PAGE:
• 1 small onion, chopped
  • 1 tsp. chili powder
  • 1/8 tsp. tumeric powder
  • 2 small tomatoes, diced
  • 1/2 tsp. salt
  • 4 eggs


  • Heat oil in saute pan
  • Add chopped onion, chili powder, tumeric, tomatoes and salt and cook for 10-15 minutes until very soft.
  • Add eggs and mix vigorously to scramble them so there are no big pieces of yolk or egg whites.
  • Cook for a few minutes until eggs are cooked through.

Makes about 1 1/2 cups

Observation: Tumeric is primarily used for coloring and to kills strong odors, in this case eggs!



  • 1 small onion, rough chopped
  • 1 small tomato, rough chopped
  • 1 heaping tsp. garlic paste (chopped)
  • 1 tsp. coriander powder
  • Pinch tumeric
  • 1 tsp. chili powder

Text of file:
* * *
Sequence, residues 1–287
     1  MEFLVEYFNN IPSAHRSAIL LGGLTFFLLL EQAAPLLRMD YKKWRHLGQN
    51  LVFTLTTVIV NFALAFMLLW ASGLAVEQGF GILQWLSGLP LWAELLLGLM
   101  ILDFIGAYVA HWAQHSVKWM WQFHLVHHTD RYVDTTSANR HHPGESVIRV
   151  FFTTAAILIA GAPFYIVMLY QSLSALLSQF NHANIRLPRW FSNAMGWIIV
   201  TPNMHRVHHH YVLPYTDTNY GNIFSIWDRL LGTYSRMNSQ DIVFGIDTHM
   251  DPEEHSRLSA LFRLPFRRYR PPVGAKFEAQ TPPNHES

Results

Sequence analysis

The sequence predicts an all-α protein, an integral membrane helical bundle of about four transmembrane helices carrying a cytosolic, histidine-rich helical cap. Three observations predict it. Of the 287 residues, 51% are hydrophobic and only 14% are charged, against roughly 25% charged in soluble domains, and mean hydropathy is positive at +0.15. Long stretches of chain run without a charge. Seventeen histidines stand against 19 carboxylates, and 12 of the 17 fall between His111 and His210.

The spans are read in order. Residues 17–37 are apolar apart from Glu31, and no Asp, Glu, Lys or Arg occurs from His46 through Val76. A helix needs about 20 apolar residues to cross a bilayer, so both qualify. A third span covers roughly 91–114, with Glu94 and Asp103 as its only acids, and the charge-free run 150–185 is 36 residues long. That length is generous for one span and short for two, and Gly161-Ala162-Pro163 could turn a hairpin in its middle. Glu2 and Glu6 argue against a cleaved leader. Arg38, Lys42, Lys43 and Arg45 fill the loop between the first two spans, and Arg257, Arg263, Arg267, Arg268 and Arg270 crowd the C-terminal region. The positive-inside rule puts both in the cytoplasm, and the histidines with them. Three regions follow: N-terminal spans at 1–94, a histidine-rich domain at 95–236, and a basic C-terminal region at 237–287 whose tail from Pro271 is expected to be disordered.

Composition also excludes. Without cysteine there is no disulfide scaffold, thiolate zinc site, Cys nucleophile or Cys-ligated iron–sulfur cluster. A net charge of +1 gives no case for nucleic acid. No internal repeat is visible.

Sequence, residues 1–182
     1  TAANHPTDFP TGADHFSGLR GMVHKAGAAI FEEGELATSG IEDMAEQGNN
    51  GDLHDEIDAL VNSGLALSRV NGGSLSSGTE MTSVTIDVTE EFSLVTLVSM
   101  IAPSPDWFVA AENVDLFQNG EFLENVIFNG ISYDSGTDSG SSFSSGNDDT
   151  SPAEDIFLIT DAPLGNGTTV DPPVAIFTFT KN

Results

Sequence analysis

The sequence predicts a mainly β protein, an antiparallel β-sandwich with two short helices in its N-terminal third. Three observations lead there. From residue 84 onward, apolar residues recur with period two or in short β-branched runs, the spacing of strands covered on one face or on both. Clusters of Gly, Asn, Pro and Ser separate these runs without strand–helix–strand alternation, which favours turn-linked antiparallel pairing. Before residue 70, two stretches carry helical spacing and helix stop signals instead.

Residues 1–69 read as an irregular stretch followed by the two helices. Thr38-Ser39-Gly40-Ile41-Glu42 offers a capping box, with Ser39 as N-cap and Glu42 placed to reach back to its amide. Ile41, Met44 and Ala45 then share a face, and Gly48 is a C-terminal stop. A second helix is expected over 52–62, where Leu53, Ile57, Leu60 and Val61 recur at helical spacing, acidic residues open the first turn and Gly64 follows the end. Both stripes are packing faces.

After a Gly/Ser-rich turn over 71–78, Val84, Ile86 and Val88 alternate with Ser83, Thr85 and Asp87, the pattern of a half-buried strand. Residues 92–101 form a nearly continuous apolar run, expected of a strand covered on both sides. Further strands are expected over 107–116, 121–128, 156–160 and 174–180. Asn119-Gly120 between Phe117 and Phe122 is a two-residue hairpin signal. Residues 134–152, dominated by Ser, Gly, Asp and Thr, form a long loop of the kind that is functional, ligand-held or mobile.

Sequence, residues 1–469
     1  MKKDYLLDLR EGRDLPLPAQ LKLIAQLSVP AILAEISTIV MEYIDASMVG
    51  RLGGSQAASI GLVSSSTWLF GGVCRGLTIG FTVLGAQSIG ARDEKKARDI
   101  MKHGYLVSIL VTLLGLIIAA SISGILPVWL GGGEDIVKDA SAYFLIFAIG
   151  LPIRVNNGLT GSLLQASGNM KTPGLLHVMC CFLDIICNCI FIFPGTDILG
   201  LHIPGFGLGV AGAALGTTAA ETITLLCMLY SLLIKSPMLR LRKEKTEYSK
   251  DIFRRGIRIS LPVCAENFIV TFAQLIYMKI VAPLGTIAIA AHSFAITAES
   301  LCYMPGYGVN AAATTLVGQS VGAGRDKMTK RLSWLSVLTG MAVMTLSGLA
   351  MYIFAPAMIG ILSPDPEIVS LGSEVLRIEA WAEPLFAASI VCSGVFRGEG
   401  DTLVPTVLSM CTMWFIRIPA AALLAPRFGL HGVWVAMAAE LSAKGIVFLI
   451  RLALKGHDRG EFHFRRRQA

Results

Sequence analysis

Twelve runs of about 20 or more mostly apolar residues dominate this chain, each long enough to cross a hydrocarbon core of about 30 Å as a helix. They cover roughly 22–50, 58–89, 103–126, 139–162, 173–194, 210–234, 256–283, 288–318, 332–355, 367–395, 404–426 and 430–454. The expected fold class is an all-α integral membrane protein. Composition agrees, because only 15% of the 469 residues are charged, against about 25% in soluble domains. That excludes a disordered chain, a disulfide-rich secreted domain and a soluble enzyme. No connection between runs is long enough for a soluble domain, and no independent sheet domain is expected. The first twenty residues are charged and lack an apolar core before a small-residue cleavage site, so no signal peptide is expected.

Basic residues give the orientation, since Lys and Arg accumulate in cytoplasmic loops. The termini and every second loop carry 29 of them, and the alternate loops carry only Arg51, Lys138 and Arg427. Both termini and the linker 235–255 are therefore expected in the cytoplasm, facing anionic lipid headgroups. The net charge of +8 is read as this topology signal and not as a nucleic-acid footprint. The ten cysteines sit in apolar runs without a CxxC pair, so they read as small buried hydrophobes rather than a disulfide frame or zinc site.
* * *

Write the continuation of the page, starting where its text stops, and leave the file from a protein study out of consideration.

• 3-4 tsp. coconut milk
  • 2 tsp. fresh coriander leaves
  • 1 c. chana beans, soak for 3 hours in water (chickpeas!)
  • Pinch mustard seed
  • 6 fresh curry leaves
  • 1/2 tsp. salt


  • Blend onion, tomato, garlic paste, coriander powder, tumeric, chili powder, coconut milk and fresh coriander leaves until smooth
  • Heat pressure cooker base
  • Add 3 – 4 tsp. oil after cooker is heated
  • Continue to heat oil for a few minutes
  • Add pinch mustard seeds to oil, cook for 30 seconds
  • Add fresh curry leaves and heat for a minute
  • Add onion and tomato blended mixture, stir together and cook for five minutes on medium-high heat.
  • Add 1/4 c. water to blender to get rest of sauce out and add water mixture to cooker.
  • Add drained chana beans and salt.
  • Mix and make sure the mixture isn’t too thick.  Add additional water to right consistency.
  • Close pressure cooker and cook on medium heat about 15 minutes, but really by the number of pressure releases.  Every time the top pops it is a unit of cooking time.  So this dish requires 3 – 4 pressure releases before the dish is done.  DO NOT OPEN THE PRESSURE COOKER IN THE MIDDLE!

Makes about 2 cups


Methi Paratha


  • 2 tbs. oil
  • 1 small onion, chopped
  • 1 handful methi leaves (Fenugreek) soaked in water to clean